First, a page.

Wifi controlled Raspberry Pi robot

I will document my journey to build a wifi controlled Raspberry Pi robot here. This post will be updated as and when I have progress on the project.

Desirable features:
- controllable via wifi
- Web interface to control the robot.
- movable using 4 wheels
- has a display (16×2 LCD display is sufficient)
- has a webcam for live feed
- webcam can be rotated for capture at different angles
- run on battery

Nice to have features:
- Mobile interface to control the robot
- a speaker for robot to “talk” (text sent via the website command, then robot speaks using TTS ?)
- a microphone for interaction with human (other people speaks to the robot, and I can hear back at the website command?)
- object tracking: robot is able to track moving objects and follows that object

Hardware Components:
- Raspberry Pi, Model B
- Wifi dongle
- 16×2 LCD display – USD $5
- PCB boards
- 4 wheels DC motors – USD $16
- USB webcam / Piwebcam
- Servo motor – USD $5.15

- Breadboard
- Dupont cables
- PCB boards
- Solid core cable – US $2.95

Optional Tools
- Raspberry Pi GPIO Cobbler extension – USD $8
- Pin header – USD $1.5
- Breadboard power supply – USD $1.5

Considering power bank for Raspberry Pi

I am in need of a suitable battery pack to power my Raspberry Pi and all its peripherals. This entry is to list down any considerations made along the way :
Remember RaspPi runs at 5V, hence input power is required to provide a steady 5V stream, more and you may destroy the Pi, less and the Pi will start to behave wildly.

A Raspberry Pi needs 5V with 700 mA, meaning it has a consumption of 3.5 Watt.
Note that consumption indicates a maximum value because it can never get more power that the indicated consumption.

(1) Buy an off-the-shelf power bank. A useful article to decide on which power bank to buy : FB don’t buy power bank until you read this

(2) Use AA batteries with UBEC-Universal Battery Eliminator Circuit, which essentially is a switch mode voltage regulator .

Set up a live webcam streamer on Raspberry Pi

I used Motion as the camera live streamer. Found a great short and comprehensive guide for the setup here.

To keep long story short, these are the important commands:

  1. sudo apt-get install motion
  2. sudo nano /etc/motion/motion.conf
    => in the config file, change these values :
    Daemon = OFF to ON
    webcam_localhost = ON to OFF
    minimum_motion_frames 5 to 2999
    (changing minimum_motion_frames to avoid Motion to capture exessive screenshots whenever movement is detected. I only need the live stream camera function.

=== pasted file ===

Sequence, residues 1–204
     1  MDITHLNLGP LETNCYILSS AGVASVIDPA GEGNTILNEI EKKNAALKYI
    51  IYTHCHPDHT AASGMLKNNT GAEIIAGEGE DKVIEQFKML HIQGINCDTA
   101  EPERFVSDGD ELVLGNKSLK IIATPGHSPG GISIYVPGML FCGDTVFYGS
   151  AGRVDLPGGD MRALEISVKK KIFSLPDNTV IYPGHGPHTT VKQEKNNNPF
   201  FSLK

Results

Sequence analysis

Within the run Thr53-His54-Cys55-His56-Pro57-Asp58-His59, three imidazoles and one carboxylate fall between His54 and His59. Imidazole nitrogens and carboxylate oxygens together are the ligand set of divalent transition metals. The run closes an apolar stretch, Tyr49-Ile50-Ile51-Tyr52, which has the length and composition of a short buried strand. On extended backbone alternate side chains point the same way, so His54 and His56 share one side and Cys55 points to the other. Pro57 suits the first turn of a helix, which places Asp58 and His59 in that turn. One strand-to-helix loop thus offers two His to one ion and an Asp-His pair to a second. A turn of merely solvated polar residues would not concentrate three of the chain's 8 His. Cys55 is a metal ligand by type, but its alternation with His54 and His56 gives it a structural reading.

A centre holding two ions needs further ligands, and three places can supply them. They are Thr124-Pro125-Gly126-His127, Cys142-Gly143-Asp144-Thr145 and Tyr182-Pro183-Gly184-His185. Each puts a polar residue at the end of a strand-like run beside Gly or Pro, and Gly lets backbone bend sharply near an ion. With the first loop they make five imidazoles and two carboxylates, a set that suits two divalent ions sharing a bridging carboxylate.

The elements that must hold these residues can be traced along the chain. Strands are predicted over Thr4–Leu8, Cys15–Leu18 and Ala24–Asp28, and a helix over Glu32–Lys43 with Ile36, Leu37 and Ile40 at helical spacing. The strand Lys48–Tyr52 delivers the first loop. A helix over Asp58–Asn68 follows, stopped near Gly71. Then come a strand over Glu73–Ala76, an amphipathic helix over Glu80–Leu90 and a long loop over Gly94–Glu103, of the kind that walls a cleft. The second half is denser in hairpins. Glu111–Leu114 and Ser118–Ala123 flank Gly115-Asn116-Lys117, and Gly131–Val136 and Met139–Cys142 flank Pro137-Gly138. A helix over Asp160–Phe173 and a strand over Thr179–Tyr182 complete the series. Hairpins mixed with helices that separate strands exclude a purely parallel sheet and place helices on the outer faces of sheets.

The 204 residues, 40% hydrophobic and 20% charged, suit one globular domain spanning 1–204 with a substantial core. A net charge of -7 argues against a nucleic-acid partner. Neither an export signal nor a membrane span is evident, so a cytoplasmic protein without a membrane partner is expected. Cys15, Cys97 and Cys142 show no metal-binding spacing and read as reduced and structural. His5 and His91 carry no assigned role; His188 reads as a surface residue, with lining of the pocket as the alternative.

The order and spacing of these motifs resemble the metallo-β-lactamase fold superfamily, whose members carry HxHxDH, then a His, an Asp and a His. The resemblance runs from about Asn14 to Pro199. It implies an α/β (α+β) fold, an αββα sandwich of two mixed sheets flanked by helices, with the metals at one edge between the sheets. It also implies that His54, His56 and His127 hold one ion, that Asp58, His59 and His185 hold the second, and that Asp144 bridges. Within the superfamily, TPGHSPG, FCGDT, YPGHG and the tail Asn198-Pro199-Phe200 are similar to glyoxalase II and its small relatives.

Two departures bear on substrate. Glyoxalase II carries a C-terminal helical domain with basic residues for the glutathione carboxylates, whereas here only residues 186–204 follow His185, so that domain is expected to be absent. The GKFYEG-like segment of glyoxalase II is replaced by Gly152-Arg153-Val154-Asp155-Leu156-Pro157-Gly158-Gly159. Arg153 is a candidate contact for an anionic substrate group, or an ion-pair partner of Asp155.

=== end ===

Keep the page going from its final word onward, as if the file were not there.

Btw, your screen captures are stored in /tmp/motion )
  3. sudo nano /etc/default/motion
    Then change the value “start_motion_daemon=no” to “yes”
  4. sudo service motion start
  5. Access at : http://[pi ip address]:8081
    I accessed ok using Firefox. Chromes doesnot work for some reason.

Settings in my Raspberry pi /etc/network/interfaces

pi@raspberrypi ~ $ cat /etc/network/interfaces
auto lo
iface lo inet loopback

#allow-hotplug wlan0
auto wlan0
iface wlan0 inet manual
wpa-roam /etc/wpa_supplicant/wpa_supplicant.conf
iface default inet static

#auto eth0
#iface eth0 inet static
# Your static IP

Frequently used Unix / Raspberry Pi commands (I kinda mix them up in this single post)

ps ax | grep vnc search for process which name contains “vnc” in all running processes
cat /etc/rc.local this file defines the commands at startup
crontab -l list user’s crontab.
crontab -e edit user’s crontab. You can use crontab to define autoscript at bootup
Simply add an entry starting with @reboot
eg. @reboot sleep 180; sh ~/startupscript.sh #after bootup, wait for 3minutes then run startupscript.sh
kill -9 1234 kill the running process which id is 1234
tightvncserver start tightVNC server
cat /etc/network/interfaces view network information pre-configured on raspberry pi
wpa_passphrase [yourSSID] [yourpassword] to generate an entry for your wifi ssid and password.
You then take this entry and set in /etc/wpa_supplicant/wpa_supplicant.conf
sudo shutdown -ht 0 now shutdown pi and halt after shutdown
sudo /etc/init.d/networking restart restart network, to take new settings into effect
lsusb view all connecting devices via USB
sudo service [service_name] start start a service
sudo service [service_name] stop stop a service